Posts Tagged ‘irrigation’

July is rough on your lawn

 

A dry lawn can mean improper mowing or lack of irrigation

Correct mowing is the absolute most critical factor when it comes to high summer temperatures and not adding stress already present due to heat and reduced rainfall.  One low cut below 2” can nearly instantly brown-out a lawn within hours.  The lower the cut, the more damage is done as the cut lets lose massive amounts of moisture in the hot sun causing the soil to heat up and weeds to germinate.  Nothing will set off an awful course of bad events more than a short mowing cut in July.  A dull mower blade adds to the dilemma by shredding the ends, predisposing the grass to disease and causing a displeasing tan or white tint.  Proper mowing means an am or pm cut, a sharp blade, and at least a 3” cutting height; anything less spells trouble for your lawn for weeks, if not months.

Although watering is nice, it is not the end all to saving a lawn in the month of July.  Dry lawns should not be mown unless necessary and not in the mid day.  A lawn in mild to severe stress will show mower tracks days after a cut.  Since the grass blade is mostly water, it may come as no surprise that without rainfall the lawn will lose its green color and not even have the ability to grow all that much.  Driving a tractor over a lawn in drought stress is like shoveling your driveway with a head cold in shorts in the winter, a less-than lovely combination.

Fertilizing in the summer should be to control damaging insects and be blended with slow release fertilizers, or nothing at all should be applied.  Since lawns do require at least an inch of rain per week to stay actively growing, anything less means growth will slow and the color will fade.  A normal dry period might last a few weeks to even a month in July or August.  If three weeks have gone by without rainfall, then a light watering can help keep your lawn alive, if only dormant.  Once the moisture runs out, grass will shut down and go to sleep like a bear hibernating.  This is a protection mechanism and helps most turf withstand a typical summer.  The extent of long term damage can be measured in early fall with normal rain and cooler temperatures.  How well your lawn faired will be dependent upon the initial health going into the summer, your mowing habits/height, and supplemental irrigation if you have the ability to do so.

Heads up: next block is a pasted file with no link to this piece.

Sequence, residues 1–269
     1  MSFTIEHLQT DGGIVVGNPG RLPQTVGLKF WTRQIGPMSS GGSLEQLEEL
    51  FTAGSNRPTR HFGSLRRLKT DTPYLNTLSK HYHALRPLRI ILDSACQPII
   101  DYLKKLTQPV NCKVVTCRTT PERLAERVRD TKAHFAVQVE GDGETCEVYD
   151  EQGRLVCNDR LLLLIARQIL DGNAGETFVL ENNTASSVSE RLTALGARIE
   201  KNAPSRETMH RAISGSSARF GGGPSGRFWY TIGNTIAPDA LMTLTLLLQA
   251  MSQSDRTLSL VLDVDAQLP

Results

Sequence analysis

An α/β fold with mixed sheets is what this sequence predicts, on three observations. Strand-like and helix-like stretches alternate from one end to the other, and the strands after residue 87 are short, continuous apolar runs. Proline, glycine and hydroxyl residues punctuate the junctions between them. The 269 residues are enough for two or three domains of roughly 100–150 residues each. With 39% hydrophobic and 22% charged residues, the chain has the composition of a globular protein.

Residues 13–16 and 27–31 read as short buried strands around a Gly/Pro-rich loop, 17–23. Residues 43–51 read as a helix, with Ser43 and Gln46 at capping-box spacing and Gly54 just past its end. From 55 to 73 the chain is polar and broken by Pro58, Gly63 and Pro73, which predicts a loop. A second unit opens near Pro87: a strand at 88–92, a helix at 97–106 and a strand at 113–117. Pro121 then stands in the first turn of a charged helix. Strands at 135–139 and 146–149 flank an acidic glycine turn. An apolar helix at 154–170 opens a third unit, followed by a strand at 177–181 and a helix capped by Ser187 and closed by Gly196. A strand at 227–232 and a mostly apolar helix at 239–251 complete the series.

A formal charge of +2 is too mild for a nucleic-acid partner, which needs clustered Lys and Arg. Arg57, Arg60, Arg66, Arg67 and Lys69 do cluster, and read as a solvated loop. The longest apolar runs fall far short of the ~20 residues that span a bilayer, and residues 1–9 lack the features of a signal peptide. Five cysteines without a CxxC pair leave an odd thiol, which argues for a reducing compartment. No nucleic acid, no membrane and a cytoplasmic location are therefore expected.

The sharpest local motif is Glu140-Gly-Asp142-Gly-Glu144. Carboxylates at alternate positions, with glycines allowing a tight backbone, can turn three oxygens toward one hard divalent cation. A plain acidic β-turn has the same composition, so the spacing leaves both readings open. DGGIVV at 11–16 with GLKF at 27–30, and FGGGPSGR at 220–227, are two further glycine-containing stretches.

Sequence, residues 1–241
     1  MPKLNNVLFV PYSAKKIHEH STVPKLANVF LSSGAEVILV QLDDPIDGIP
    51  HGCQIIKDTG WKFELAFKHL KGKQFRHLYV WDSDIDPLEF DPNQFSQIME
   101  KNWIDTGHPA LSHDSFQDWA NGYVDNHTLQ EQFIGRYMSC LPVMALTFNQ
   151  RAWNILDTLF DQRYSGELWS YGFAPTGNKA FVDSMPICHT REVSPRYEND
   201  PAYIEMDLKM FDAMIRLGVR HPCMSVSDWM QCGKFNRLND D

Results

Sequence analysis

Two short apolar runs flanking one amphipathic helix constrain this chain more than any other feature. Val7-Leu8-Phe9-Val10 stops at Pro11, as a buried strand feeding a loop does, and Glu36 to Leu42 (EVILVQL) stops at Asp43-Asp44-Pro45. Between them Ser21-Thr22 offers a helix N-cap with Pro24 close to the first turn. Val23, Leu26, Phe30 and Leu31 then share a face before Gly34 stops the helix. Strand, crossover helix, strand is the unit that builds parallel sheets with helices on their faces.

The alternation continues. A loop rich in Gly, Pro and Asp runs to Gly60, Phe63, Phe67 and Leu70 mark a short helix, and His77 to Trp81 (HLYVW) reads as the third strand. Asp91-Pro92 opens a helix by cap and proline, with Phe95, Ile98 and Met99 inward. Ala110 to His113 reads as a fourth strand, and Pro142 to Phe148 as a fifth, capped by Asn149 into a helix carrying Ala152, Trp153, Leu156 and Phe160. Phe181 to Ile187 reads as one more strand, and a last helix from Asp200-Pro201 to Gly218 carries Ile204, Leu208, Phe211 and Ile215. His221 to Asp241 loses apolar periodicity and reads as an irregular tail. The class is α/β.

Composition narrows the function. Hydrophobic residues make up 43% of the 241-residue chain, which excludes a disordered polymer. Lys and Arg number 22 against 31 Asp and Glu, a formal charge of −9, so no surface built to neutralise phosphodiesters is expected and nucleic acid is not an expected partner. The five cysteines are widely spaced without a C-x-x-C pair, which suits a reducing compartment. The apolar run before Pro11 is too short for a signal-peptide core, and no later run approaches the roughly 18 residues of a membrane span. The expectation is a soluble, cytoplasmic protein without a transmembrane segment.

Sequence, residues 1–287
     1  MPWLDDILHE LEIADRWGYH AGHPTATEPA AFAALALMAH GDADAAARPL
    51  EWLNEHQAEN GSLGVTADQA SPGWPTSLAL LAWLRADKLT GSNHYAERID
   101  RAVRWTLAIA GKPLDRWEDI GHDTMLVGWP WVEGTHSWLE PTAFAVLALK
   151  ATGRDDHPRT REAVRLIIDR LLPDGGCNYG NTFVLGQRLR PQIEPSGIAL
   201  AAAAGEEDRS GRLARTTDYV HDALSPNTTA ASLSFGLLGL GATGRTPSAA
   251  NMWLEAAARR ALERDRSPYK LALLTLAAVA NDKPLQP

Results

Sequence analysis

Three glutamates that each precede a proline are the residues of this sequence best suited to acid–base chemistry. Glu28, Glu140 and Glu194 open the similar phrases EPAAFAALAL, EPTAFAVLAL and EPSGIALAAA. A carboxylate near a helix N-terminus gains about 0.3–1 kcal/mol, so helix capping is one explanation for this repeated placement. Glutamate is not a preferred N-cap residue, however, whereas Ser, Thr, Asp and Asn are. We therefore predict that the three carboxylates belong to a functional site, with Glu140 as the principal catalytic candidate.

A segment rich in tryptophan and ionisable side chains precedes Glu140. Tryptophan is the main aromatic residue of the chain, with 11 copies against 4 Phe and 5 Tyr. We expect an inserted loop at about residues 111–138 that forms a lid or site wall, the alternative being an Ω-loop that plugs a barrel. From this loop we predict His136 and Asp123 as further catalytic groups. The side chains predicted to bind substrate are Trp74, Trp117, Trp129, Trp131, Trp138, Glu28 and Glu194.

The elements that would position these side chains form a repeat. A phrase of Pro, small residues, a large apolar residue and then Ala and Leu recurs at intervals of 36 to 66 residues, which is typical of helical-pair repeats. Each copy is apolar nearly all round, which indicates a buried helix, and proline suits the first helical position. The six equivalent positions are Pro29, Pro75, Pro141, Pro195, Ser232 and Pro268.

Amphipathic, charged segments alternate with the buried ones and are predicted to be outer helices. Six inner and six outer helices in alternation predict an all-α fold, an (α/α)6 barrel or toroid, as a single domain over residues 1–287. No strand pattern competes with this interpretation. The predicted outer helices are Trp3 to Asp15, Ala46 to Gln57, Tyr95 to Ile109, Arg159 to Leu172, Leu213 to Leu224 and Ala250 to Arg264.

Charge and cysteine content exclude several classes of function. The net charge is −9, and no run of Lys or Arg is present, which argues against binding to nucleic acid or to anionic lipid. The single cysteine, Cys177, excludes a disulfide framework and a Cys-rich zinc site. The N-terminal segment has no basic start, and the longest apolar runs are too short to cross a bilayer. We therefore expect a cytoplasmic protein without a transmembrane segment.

Any irrigation is preferable in the early morning throughout the day.  Late afternoon to evening watering is not desirable because disease issues can quickly develop causing damage ranging from small to large patches.  Watering times vary from the thatch thickness, sun to shade ratio, slope, and turf varieties present.  One can imagine that a sunny lawn with a thick thatch layer would require significantly more water than a thin, shaded lawn out back next to the woods.  When in doubt, any water is better than none, but is not necessarily required in the big picture.

We created a mowing height gauge that’s a magnet so you can easily stick in on your mower, gas can or work area. No more excuses for mowing too short!  If you want a free mowing magnet, just send me an e-mail at turf@chippersinc.com and I would be pleased to send you one as a way of saying thanks for reading this blog!

 

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Ten Reasons to improve your lawn in NH or VT

Published by JKeefe on January 25th, 2011 - in Lawn Care Companies, Misc.

 

The Environment #10 and #9